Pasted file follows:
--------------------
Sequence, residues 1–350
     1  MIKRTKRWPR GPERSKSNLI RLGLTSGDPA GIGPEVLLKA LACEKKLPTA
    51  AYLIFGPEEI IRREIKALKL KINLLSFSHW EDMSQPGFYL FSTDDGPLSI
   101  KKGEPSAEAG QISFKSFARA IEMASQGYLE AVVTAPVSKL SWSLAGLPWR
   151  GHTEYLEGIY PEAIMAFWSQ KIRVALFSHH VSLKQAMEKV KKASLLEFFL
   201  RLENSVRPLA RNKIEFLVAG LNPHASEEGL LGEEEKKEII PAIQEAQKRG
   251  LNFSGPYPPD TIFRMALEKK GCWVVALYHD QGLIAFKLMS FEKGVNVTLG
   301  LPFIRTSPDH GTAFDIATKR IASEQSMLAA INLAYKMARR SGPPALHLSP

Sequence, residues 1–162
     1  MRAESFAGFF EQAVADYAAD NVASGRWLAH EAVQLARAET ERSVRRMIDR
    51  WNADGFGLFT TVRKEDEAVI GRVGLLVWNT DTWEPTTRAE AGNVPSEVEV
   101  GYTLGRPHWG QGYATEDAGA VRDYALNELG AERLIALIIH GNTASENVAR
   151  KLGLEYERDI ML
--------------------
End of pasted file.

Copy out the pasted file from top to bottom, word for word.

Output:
Sequence, residues 1–350
     1  MIKRTKRWPR GPERSKSNLI RLGLTSGDPA GIGPEVLLKA LACEKKLPTA
    51  AYLIFGPEEI IRREIKALKL KINLLSFSHW EDMSQPGFYL FSTDDGPLSI
   101  KKGEPSAEAG QISFKSFARA IEMASQGYLE AVVTAPVSKL SWSLAGLPWR
   151  GHTEYLEGIY PEAIMAFWSQ KIRVALFSHH VSLKQAMEKV KKASLLEFFL
   201  RLENSVRPLA RNKIEFLVAG LNPHASEEGL LGEEEKKEII PAIQEAQKRG
   251  LNFSGPYPPD TIFRMALEKK GCWVVALYHD QGLIAFKLMS FEKGVNVTLG
   301  LPFIRTSPDH GTAFDIATKR IASEQSMLAA INLAYKMARR SGPPALHLSP

Sequence, residues 1–162
     1  MRAESFAGFF EQAVADYAAD NVASGRWLAH EAVQLARAET ERSVRRMIDR
    51  WNADGFGLFT TVRKEDEAVI GRVGLLVWNT DTWEPTTRAE AGNVPSEVEV
   101  GYTLGRPHWG QGYATEDAGA VRDYALNELG AERLIALIIH GNTASENVAR
   151  KLGLEYERDI ML